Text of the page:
She taught many and supported others to gain human and economic freedoms, often through their long struggles.
    She will be sadly missed.

  19. I am really devastated by his terrible news. Helen was a great support to me and my late wife Maria, such a good woman, always inspiring and motivating, as I’m sure everybody who worked with her would be fully aware. But everything she fought for and believed in will not be forgotten, I fervently hope. Such a good dear friend and mentor, I’ll never forget the scrambled eggs she cooked for me when I stayed with her, such a kind and wonderful person.

  20. Bogdanov

    Hughes was a member of the Communist Party of Australia until sometime in the 1960s. She was based in PNG, ostensibly for development research, in part as an activist-organiser at a time when PNG was still an Australian colony, and there were high hopes that third world revolution could be fomented there.
    Her CPA membership and PNG posting are all public record.
    Colleagues and comrades remember her as of a Stalinist disposition well beyond the 1963 split, when the Maoists went off seprately, and the CPA began to put some – not much – distance between itself and Moscow.
    Whether she left the party after Prague ’68, or before, and whether her departure was related to that – or to the CPA’s criticism of the USSR – is not known.

  21. Wolfgang Kasper

    We mourn the passing of a bright mind, a great economist and – above all – a woman with a great heart. Before I first met Helen some 25 years ago, a friend told me that she was endowed by a great ‘bullshit detector’. Indeed, she would not suffer pretentious fools! When we first met, she got stuck into me straight away for being too libertarian, trusting blindly in markets. But before long, after her definite return to Australian shores, Helen put as much trust in human intelligence at work and coordinated in markets as anyone, no doubt encouraged by her husband Graeme Dorrance.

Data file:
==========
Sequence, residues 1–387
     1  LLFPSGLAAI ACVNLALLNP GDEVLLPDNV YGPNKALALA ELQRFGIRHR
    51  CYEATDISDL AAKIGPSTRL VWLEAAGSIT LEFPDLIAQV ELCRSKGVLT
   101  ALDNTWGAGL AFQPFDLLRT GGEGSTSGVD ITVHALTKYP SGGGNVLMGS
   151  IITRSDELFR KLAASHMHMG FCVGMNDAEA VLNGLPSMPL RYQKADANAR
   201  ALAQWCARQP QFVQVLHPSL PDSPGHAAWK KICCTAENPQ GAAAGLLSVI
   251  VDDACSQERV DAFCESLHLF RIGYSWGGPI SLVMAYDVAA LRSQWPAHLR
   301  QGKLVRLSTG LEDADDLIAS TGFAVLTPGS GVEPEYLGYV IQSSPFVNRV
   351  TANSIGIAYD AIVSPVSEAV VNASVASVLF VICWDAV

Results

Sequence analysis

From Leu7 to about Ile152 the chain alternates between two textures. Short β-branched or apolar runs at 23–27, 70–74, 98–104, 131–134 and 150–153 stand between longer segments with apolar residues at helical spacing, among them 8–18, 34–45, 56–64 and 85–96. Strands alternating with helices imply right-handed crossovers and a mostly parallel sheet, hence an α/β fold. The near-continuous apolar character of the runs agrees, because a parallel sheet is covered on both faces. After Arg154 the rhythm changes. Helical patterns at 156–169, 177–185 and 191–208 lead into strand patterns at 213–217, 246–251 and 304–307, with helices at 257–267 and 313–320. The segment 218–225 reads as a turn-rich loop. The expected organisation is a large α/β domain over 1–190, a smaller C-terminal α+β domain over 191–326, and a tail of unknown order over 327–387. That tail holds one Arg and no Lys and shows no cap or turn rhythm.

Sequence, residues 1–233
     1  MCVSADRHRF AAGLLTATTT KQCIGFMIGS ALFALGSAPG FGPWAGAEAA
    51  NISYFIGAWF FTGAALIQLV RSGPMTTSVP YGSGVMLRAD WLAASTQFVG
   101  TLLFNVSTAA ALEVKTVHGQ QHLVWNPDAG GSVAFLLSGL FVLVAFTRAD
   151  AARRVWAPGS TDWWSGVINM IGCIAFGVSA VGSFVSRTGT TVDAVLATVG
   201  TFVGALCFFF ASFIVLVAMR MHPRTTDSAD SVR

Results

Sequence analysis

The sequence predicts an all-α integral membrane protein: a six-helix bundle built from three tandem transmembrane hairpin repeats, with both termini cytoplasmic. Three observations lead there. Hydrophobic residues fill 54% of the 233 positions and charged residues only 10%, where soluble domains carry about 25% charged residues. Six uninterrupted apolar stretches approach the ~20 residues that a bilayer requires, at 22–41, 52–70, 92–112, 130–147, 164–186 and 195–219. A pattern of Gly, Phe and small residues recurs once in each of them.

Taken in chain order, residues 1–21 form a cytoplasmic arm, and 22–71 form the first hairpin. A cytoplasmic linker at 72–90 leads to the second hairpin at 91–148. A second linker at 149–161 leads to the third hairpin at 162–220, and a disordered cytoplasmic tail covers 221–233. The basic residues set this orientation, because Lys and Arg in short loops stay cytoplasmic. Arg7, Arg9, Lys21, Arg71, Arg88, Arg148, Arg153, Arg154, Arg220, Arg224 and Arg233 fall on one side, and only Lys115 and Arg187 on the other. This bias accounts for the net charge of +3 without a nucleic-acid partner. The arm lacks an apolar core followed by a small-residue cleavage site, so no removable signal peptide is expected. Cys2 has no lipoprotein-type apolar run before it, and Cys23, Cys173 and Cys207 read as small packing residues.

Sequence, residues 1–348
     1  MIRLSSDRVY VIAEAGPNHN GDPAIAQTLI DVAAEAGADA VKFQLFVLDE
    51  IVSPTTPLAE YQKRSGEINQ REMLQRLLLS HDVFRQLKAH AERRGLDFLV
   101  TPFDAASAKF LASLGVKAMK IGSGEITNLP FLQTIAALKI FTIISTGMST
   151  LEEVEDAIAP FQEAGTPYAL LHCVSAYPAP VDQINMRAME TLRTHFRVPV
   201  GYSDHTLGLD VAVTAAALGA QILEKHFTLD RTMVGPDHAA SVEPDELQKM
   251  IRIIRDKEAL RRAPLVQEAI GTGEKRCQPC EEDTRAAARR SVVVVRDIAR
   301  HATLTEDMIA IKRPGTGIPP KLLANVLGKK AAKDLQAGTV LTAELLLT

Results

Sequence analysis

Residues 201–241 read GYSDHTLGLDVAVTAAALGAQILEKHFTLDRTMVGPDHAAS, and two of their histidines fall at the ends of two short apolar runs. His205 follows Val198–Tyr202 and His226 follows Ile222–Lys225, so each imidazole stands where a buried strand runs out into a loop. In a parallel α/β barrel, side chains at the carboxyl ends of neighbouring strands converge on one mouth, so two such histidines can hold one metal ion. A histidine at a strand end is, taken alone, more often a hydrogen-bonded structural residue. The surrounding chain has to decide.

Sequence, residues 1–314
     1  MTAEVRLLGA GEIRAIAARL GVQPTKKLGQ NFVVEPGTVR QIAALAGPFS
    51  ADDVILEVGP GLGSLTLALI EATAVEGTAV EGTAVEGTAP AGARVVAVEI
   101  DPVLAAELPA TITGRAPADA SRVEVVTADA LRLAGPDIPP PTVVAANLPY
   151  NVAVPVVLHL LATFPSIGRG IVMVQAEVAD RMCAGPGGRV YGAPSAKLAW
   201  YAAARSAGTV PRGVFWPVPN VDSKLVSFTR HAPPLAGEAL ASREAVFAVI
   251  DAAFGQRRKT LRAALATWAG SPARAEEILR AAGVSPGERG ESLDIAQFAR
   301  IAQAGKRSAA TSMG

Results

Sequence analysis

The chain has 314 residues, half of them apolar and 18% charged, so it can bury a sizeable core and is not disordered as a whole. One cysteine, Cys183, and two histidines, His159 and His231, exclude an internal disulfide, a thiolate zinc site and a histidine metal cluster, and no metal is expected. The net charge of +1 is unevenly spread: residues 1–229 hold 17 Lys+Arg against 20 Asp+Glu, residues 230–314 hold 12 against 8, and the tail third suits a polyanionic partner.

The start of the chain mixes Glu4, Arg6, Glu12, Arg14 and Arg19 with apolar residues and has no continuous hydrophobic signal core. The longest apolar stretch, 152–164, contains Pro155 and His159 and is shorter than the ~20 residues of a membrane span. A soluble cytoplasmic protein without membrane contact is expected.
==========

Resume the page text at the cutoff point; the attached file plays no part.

I was privileged to work with her on a variety of issues. I benefited from her wisdom and her generous hospitality. I enjoyed sparring with her and sharing a giggle about human frailty and politics.
    I will miss her,

  22. Eddstrous

    A sad loss. Why confine her greatness to the “female” side of economics? She played in all leagues

  23. warwick

    A good economist, a bureaucratic in-fighter, and a wonderful human being. Vale Helen Hughes.

  24. Limin Mao

    As a personal mentor, Helen has great influence on me when I came as an overseas student from China some 15 years ago. I basically finished my PhD at the time living with her and her lovely late husband Graeme. They gave me a loving family here. As a medically trained person coming from overseas, my pursuit in HIV social research took a really steep learning curve but Helen and Graeme were always interesting in my work and we agreed to disagree on a range of social issues during discussion and debates. Over the years, there had been a lot of accusation towards Helen, but I know so closely over the last 15 years her heart over people who are in a socially disadvantaged position. She would agree with me that good economics eventually is a science of helping people to live in a better society, whatever the doctrines are. Vale Helen, with love.

  25. Mark Hughes

    >Hughes was a member of the Communist Party of Australia until sometime in the 1960s.
    >She was based in PNG
    >Her CPA membership and PNG posting are all public record.

    My mother, Helen Hughes, left the Communist Party of Australia in the early 1950’s. She was never posted to or based in PNG.

    My father Ian Hughes, also left the Communist Party of Australia in the early 1950’s. He did his graduate degrees in anthropology in PNG in the 70’s, so he lived there for several years.

    My parents were/are completely open about their membership of the Communist Party. It was a subject of continuing amusement for my mother.

    In the papers I co-wrote with Helen, we spent vast amounts of time trying to ensure our facts were right. If she was still alive, she would be hooting with laughter at people who are publicly demonstrating their incompetence by writing about her without getting even the basic facts right. ROFLMAO

    Mark Hughes